- What are you going to pay me?
- How are you going to evaluate my performance?
- How do promotions work around here?
Although these questions seem obvious, they can often get lost in the onboarding process or the day-to-day shuffle of work. Giving employees this clear foundation meant that we were all on the same page and that there weren’t any feelings of secrecy around pay. As a result, employees were aware of our policies and were more likely to feel that we were ushering in this new era of salary band transparency together.
2. Promote transparency
As we moved to a salary band model, we wanted to make sure that employees understood how we, as employers, determined the compensation amount for each band so that they knew we were operating in good faith and had the language to talk about salary and money going forward.
I led a class where I explicitly talked about all of the additional costs, besides salary, that come with employing someone, so that they would better be able to take the perspective of the person on the other side of the table when asking for a raise.
Not only was teaching compensation and financial literacy important for laying the groundwork for fruitful conversations around compensation at Acumen, but its knowledge will serve them well throughout their careers at different organizations as well. Sharing that knowledge and the power that comes with it, showed our staff that we care about their ability to succeed at Acumen and beyond.
3. Get creative
When we started talking about pay equity, we also ran a number of experiments analyzing the gap between the highest and lowest paid employees, and talked openly with employees about this comprehensive approach to equity. As a nonprofit, we didn’t have money lying around that could easily be tapped to decrease that pay gap, and we were wary of skyrocketing costs that would cause donors to push back against the initiative. We had to get creative.
We held the CEO’s and President’s salaries for three years straight, and halved the COLA adjustments for Chiefs in the US. We reallocated the money we saved and put it towards increasing the pay of the people making the least. We increased intern pay by the week and conducted compensation benchmarking focused on the middle.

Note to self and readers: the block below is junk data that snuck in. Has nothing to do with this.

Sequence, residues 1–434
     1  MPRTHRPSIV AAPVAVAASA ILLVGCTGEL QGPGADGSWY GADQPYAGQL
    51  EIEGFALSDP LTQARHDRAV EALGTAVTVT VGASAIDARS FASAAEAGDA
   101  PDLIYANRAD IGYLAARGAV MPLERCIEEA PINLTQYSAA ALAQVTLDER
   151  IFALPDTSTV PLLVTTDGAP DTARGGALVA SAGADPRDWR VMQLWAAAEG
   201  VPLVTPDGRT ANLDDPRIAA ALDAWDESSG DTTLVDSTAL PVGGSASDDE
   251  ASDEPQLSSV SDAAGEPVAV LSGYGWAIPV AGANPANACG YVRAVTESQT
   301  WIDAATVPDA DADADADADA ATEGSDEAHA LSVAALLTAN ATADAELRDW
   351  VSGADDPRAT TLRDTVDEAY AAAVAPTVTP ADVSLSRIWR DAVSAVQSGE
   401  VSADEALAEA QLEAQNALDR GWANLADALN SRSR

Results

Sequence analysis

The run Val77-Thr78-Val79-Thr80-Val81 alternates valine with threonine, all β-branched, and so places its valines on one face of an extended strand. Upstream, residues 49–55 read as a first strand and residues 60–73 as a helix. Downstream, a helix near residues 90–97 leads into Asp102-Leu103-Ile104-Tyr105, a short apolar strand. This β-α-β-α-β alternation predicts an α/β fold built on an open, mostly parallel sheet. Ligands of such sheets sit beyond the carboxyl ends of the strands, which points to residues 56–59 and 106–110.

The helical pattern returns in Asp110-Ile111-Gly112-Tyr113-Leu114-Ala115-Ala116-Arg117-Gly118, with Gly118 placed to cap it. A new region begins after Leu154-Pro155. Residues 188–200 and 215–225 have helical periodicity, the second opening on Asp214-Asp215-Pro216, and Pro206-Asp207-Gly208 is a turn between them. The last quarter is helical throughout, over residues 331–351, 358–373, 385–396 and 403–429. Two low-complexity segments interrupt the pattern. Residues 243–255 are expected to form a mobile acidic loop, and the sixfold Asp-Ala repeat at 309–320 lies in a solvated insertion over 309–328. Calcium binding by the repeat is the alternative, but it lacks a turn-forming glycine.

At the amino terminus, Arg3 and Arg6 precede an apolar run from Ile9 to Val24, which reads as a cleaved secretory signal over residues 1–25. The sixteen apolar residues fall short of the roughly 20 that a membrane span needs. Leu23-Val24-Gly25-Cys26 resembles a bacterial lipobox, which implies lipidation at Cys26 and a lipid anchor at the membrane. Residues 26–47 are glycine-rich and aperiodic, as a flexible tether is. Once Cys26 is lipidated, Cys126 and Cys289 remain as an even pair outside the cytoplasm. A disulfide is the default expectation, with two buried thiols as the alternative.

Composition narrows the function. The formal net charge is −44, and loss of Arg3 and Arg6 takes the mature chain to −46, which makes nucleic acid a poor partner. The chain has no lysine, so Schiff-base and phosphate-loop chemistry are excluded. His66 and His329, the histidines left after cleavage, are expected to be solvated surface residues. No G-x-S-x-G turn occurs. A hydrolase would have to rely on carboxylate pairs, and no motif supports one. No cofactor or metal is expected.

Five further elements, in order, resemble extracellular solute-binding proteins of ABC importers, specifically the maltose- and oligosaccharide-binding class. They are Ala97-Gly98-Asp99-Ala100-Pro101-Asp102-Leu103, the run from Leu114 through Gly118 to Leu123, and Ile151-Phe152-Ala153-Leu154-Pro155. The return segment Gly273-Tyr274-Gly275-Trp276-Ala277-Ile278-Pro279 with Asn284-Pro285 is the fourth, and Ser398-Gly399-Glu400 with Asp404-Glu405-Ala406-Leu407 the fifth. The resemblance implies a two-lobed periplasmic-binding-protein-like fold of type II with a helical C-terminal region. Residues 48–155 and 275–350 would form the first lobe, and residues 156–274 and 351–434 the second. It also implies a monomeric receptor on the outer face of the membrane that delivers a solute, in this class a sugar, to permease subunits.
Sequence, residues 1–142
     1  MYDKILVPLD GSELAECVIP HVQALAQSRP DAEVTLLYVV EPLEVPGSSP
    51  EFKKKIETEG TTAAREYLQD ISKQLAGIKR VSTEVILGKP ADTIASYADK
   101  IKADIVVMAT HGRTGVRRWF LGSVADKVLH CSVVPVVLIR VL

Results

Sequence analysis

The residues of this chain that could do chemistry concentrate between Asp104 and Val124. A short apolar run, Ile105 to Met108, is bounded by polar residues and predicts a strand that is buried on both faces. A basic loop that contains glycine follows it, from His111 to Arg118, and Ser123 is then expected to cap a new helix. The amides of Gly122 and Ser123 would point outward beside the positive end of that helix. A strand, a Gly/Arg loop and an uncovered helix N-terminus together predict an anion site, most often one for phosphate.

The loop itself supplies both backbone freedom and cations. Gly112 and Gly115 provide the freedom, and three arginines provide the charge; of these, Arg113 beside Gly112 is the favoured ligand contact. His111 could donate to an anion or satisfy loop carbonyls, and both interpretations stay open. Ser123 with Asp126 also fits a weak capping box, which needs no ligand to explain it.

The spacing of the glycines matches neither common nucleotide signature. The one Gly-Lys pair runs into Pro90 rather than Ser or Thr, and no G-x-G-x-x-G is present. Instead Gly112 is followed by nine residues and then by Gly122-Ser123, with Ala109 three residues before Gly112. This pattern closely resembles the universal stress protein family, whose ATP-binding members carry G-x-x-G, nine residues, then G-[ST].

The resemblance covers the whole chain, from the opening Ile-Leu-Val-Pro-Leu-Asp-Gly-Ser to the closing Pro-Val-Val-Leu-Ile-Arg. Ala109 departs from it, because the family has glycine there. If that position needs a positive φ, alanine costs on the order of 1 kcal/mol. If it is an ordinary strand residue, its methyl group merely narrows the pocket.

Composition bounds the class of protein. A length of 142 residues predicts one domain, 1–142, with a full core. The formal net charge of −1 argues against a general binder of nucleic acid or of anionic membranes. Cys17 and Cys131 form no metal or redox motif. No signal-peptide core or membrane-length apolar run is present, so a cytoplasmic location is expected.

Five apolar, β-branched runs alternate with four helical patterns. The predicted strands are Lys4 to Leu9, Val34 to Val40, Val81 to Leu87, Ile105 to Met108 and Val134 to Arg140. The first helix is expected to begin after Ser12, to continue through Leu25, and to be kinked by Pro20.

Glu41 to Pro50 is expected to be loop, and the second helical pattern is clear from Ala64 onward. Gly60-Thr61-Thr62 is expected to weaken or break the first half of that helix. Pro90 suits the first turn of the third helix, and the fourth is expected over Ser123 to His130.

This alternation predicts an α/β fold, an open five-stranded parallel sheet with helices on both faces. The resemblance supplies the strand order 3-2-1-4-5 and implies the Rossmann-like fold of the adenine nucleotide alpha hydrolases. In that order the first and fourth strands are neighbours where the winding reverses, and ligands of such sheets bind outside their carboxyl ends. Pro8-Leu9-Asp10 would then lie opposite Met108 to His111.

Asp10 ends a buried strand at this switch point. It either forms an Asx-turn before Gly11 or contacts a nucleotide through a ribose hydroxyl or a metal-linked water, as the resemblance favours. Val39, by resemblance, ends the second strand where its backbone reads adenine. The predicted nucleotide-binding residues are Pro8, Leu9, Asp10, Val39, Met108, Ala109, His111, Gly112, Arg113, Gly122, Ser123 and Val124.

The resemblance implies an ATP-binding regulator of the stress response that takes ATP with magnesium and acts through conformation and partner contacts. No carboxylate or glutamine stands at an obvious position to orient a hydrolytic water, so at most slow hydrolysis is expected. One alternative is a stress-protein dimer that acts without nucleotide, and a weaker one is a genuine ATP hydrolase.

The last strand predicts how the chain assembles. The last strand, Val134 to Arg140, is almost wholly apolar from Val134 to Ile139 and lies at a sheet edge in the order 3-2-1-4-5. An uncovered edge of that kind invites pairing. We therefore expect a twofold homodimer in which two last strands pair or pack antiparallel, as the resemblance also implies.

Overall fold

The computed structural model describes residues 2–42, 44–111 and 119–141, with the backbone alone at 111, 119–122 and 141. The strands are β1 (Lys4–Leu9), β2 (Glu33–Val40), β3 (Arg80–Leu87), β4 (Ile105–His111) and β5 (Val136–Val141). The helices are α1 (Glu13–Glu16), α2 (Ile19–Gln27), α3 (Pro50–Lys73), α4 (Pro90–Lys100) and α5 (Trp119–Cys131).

Of course, every organization’s budget, staffing needs, donor base, and leadership structure are different, so these specific solutions won’t work for everyone, but when you’re committed, you can find creative ways to make employees feel like they are all in it together.
How to handle the tough conversations
Although we were able to mitigate pushback, we didn’t eliminate it entirely. I continue to have difficult, sometimes heated, conversations with employees. Here are some of the things I keep in mind when these conversations arise:
1. Return to your principles
My guiding principle is equity and Acumen’s pay philosophy—comparable pay in comparable markets for comparable accountabilities, experience and education—reflects that. Essentially I remind employees that their pay is comparable to people with similar levels of responsibility, experience, and education working in places with similar costs of living and market demands. If I give the employee in front of me a raise without giving the same raise to everyone else in that cohort, that destroys pay equity. I invite the employee to think through these broader implications with me. Sometimes, reminding them that these decisions are based on equity is effective. Other times it isn’t but this exercise reminds me to stick to my principles, even if that means disappointing, or even losing, an employee.
2. Recognize your limitations
As a nonprofit with a limited budget and, as a result, limited benefits and pay increases, we’re going to have employee turnover. We already know that. Sometimes, people will leave because in order to stay within our salary bands, we can’t offer them more money. But chances are those people were going to leave eventually anyways. I've seen employers throw counter-offers at their employees and after a while the employee usually ends up leaving anyway.